- Provide medication-assisted treatment (MAT). MAT is the gold standard in treatment for opioid disorders, and medication is also available to help those with alcohol use disorders. As SAMHSA points out, there are currently no FDA-approved medications to help prevent relapse from other problem substances.
- Use evidence-based practices. These include motivational interviewing, cognitive behavioral therapy and peer support. Effective addiction treatment should also arrange or provide for treatment of co-occurring mental illnesses and physical health problems.
- Involve families. Family members can play a crucial role in supporting their loved one’s recovery.
- Offer ongoing treatment and supports. Quality programs provide treatment for the long term, SAMHSA notes. This may include ongoing counseling or recovery coaching and support, as well as help in meeting basic needs such as housing and employment.
LegitScript Certification and Its Impact
In 2018, Google started cracking down on centers that were advertising. All providers were required to go through an accreditation process by an independent company called “LegitScript.” Finding addiction treatment just got a lot safer since this happened because each treatment facility is examined thoroughly – everything from billing practices, staff credentials, facility inspections, and verifications were part of the certification process. Today, only the facilities that have passed this grueling examination wear a LegitScript certification logo on their websites and promotional materials.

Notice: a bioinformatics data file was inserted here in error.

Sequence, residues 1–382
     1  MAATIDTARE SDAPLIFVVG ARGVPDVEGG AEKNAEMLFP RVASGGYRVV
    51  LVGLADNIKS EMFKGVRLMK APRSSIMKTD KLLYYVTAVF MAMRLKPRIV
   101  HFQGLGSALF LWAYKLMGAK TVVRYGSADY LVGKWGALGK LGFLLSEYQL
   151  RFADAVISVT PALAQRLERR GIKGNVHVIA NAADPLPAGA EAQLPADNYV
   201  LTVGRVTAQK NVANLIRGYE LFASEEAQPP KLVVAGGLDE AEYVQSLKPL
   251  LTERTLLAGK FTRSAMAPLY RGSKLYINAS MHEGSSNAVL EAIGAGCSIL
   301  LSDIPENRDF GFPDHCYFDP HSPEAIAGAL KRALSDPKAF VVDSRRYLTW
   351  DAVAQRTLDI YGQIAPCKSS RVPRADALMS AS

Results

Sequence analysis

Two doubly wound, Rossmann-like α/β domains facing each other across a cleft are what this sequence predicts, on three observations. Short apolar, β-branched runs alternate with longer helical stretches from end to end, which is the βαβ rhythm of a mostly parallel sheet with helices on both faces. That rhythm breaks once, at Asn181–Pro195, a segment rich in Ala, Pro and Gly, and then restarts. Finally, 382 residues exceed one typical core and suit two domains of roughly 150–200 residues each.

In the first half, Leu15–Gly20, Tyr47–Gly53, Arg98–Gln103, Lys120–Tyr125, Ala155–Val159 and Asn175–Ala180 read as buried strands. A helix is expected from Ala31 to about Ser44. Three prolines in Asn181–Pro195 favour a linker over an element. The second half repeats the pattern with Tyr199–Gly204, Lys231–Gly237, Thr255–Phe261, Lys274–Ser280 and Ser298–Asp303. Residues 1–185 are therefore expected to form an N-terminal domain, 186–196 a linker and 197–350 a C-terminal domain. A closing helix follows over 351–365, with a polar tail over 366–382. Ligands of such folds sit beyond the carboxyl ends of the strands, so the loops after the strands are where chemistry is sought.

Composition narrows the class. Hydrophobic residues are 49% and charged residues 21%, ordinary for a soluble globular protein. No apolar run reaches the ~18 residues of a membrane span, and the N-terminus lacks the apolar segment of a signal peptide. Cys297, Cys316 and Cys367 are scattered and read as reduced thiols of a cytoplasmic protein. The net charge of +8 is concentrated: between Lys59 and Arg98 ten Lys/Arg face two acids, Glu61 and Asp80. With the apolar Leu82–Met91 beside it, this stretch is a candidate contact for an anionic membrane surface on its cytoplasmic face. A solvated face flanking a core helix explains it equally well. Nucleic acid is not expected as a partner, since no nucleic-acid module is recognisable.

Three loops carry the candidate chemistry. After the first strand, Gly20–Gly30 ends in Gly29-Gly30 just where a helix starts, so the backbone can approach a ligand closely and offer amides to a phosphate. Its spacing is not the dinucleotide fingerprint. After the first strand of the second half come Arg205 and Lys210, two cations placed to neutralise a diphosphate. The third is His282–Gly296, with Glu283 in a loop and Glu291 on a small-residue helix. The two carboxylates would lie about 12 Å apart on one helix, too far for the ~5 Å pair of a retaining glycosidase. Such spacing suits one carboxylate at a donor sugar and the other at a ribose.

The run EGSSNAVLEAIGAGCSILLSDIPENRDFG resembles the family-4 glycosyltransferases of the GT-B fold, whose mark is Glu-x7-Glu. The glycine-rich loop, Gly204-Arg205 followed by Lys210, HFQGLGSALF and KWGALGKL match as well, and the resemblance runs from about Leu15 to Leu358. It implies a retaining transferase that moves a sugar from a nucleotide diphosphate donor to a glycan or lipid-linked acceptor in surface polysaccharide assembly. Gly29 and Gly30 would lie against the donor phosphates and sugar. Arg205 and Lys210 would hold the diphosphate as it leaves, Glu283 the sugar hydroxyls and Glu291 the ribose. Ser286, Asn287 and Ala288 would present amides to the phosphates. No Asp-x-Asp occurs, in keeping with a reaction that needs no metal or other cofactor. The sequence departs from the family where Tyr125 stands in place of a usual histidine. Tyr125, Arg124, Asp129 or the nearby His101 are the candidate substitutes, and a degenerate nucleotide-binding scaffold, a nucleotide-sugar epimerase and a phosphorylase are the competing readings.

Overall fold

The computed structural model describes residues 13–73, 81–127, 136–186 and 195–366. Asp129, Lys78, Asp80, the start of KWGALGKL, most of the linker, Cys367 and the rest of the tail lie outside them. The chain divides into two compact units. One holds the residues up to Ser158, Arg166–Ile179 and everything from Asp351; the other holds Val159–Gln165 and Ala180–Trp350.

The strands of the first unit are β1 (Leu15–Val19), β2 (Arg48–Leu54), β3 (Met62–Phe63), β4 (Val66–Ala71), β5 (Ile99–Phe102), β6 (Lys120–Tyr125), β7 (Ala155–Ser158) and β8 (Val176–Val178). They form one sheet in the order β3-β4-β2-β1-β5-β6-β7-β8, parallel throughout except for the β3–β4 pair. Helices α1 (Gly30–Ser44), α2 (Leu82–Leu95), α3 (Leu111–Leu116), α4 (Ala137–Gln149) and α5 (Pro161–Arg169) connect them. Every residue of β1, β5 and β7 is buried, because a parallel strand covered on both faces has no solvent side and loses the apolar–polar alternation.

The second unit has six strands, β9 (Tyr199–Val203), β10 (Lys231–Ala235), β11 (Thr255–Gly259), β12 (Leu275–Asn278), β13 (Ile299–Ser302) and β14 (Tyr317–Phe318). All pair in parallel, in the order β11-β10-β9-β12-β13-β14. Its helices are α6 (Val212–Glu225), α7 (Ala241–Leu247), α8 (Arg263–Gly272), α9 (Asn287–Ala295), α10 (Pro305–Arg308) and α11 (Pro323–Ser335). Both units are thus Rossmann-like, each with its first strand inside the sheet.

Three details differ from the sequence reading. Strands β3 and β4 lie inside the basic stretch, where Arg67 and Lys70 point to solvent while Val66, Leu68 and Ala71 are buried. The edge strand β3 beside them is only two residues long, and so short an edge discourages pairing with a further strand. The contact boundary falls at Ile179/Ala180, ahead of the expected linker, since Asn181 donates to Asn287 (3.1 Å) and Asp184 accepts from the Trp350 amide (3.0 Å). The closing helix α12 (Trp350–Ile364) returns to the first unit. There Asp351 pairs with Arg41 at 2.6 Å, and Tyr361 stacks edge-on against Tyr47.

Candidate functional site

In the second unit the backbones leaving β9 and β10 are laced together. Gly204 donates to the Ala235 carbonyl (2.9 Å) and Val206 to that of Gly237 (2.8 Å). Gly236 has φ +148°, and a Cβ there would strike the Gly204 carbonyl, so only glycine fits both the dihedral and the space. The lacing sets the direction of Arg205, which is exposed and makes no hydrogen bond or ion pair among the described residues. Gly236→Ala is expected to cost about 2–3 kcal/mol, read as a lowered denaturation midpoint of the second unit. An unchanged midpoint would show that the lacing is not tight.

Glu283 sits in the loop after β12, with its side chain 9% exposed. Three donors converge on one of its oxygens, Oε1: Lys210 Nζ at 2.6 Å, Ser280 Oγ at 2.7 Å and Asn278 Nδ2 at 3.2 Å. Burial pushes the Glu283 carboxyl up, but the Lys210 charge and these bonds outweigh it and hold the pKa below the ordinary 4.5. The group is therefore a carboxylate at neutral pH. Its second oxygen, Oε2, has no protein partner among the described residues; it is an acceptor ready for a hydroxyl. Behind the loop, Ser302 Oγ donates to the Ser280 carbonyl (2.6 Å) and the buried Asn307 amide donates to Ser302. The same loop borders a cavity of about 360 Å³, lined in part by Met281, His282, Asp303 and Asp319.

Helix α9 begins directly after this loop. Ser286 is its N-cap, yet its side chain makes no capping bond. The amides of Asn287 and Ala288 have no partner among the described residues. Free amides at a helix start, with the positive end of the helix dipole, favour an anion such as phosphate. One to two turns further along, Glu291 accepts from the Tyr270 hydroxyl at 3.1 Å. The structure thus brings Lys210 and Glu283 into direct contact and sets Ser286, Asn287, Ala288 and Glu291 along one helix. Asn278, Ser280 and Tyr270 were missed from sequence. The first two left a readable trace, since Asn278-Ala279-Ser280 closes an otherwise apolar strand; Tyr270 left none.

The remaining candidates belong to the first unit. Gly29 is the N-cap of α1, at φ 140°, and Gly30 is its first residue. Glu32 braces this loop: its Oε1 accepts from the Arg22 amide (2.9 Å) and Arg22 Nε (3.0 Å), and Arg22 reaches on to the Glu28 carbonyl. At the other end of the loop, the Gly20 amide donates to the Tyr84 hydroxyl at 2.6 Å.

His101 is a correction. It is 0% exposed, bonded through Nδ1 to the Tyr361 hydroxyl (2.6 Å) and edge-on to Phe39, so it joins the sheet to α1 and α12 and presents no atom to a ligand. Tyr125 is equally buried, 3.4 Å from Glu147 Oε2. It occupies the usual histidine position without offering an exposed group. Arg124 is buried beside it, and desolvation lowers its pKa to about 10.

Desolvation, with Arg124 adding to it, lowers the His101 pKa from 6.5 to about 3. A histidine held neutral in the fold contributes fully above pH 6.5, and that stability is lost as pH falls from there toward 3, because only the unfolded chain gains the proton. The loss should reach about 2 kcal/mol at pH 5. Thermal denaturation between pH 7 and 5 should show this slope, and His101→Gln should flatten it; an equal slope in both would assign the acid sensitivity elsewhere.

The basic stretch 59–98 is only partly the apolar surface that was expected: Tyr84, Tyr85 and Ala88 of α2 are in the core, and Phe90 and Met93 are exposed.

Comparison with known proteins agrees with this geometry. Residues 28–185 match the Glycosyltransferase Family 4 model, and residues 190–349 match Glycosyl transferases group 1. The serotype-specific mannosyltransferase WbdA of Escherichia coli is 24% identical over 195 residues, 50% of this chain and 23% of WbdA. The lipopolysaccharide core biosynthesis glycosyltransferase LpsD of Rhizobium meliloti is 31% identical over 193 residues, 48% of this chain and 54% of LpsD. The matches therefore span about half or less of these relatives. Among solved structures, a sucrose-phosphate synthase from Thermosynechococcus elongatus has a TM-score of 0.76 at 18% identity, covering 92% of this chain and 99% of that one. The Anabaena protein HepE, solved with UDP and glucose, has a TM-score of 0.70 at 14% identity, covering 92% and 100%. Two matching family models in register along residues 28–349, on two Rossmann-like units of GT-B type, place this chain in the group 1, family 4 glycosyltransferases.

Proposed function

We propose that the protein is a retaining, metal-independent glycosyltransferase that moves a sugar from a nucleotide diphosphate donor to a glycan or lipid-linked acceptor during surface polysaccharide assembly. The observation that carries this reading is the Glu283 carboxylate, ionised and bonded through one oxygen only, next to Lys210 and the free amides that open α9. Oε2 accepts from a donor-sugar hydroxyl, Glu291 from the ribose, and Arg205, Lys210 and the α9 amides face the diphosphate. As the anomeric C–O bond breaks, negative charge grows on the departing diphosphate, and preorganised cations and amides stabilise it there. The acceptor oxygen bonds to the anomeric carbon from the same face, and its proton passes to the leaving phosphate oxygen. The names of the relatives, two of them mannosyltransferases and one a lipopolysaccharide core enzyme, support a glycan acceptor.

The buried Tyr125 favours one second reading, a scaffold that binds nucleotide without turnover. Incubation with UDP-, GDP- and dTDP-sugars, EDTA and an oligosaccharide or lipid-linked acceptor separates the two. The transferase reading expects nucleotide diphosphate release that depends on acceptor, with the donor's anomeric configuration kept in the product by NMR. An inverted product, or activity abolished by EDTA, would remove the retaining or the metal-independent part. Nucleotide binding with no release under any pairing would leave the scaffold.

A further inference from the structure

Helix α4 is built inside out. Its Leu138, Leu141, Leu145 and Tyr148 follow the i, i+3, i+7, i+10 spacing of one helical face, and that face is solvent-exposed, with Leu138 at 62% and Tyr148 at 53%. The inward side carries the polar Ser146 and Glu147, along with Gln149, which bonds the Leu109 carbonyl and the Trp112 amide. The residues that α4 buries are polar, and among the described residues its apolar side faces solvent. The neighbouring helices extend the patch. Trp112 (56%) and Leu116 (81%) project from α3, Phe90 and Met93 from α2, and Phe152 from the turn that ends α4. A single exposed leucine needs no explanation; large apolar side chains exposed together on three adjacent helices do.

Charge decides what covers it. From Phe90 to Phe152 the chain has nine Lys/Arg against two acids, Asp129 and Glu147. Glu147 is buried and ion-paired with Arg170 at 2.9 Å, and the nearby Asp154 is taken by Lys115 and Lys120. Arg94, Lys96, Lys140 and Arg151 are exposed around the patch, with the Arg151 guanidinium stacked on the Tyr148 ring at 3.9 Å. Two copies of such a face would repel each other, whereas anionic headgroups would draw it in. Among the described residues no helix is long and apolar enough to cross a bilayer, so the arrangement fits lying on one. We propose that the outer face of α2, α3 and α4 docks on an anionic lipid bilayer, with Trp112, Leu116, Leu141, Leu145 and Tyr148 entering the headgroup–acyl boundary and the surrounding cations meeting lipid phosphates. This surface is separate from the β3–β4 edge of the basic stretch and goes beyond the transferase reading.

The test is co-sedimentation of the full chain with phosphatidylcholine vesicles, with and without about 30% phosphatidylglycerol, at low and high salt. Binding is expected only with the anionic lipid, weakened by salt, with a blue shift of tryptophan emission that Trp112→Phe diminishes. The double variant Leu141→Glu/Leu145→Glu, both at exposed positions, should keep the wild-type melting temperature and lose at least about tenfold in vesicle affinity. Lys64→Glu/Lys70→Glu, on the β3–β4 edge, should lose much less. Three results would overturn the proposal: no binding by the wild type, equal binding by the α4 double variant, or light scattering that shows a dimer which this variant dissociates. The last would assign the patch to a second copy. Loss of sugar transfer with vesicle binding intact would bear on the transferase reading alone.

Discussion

Doing Your Research
Finding addiction treatment means doing your research. With the internet, this has never been easier. If you or your loved one has already been assessed, it’s even easier because you’ll know what type of facility is best suited for your/their needs. If you or your loved one is just starting treatment, Rehab/Detox will be first. This will be followed by an IOP, PHP and/or Sober Living home as the next step(s). You can call any number of facilities to start the assessment process and most of them will either go over your options at their facility, or they’ll refer you to a trusted partner facility. Since EVERY recovery center wants a high success rate, they are usually VERY careful about their referrals to partner facilities – they crave the opportunity to showcase the effectiveness of their treatment programs. Ideally, Howe says, you should be able to speak directly to the provider or agency, not a middleman. Ask about the services they offer and what their outcomes are. Be certain they are prepared to assess the patient for the appropriate level of care and help them develop a recovery plan. If you can’t get an appointment within 48 hours, find another provider, SAMHSA says. SAMHSA’s Behavioral Health Treatment Services Locator is available online or by calling 1-800-662-HELP (4357). If you have a healthcare program, either your own or your parents, it’s a great idea to contact them first to explore your insurance coverage options. If you don’t want to do that, we can do it for you. Whatever the case, treatment starts with the will of the patient to seek help. If you or a loved one is considering treatment, call us now. The consultation is 100%n confidential and you’re under no obligation.